• Y10T442/647Including a foamed layer or component
    • Y10T442/652Nonwoven fabric is coated, impregnated, or autogenously bonded

Description

fvSFH [B] (11> * ANNOUNCEMENT R C 5 Π 4 J 1 UTLÄGGNINGSSKRIFT DOO / * + ^ (51) Kv.lkP / lnt.CI. 3 B 32 B 5/20 FINLAND - FINLAND (21) PKentt, h * k, rnu * - Pttentwwekninf 752 ^ 40 (22) H »k * ml» pllvS - Antöknlngsdag 29 08 75 (23) Alkupllvl —Glltlghtudag 2g Qg ^ (41) Tullut julklacksl— Ellvit offentllg ^ -.,

National Board of Patents and Registration / 44) Nihtlvlkil panon] a heard. -

Patent · OCh registerstyrelsen 'Anaökan utlagd och utl.ikrlften publlcerad 2y. 02.04 (32) (33) (31) Privilege requested — Begird priorltet 08.10.7 **

England-England (GB) * »3511/7 ** (71) Imperial Chemical Industries Limited, Imperial Chemical House,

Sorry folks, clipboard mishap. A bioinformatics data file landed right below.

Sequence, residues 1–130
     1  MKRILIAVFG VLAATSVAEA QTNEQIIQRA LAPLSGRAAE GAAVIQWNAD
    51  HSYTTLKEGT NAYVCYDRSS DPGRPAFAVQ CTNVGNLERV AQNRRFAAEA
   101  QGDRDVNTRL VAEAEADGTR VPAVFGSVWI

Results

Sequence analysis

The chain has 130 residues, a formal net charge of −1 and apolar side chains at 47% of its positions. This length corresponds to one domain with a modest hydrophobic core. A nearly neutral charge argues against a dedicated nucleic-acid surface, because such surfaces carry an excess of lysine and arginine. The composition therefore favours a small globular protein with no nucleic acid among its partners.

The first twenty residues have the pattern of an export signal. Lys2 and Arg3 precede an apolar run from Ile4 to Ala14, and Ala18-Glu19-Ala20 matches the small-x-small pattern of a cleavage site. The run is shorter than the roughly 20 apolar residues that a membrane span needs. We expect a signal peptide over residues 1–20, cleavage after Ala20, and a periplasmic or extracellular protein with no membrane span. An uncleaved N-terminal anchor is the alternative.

Millbank, London S.W.I., England-England (GB) (72) Alan Metcalf Wooler, Blackley, Manchester,

Dennis Charlton Allport, Blackley, Manchester, Eng 1 anti-England (GB) (7 * 0 Oy Kolster Ab (5 * 0 Laminated panel with rigid isocyanurate-based foam interior - Laminerad panel som omfattar et styvt skumplastinnerskikt pa isocyanurat-basis

The invention relates to a laminated panel having a rigid isocyanate-based foam interior.

Laminated rigid foam panels are widely used in the construction industry as sound and heat insulating materials and as load-bearing components. However, it is important that the building materials are not easily combustible and promote the spread of fire throughout the building. It is already known that isocyanurate-based foams have excellent high temperature and refractory properties compared to other polyurethane foams, but under certain conditions it has been found that while the foam itself is highly refractory, deep fractures and flames can often occur. resulting in premature collapse of the foam panel.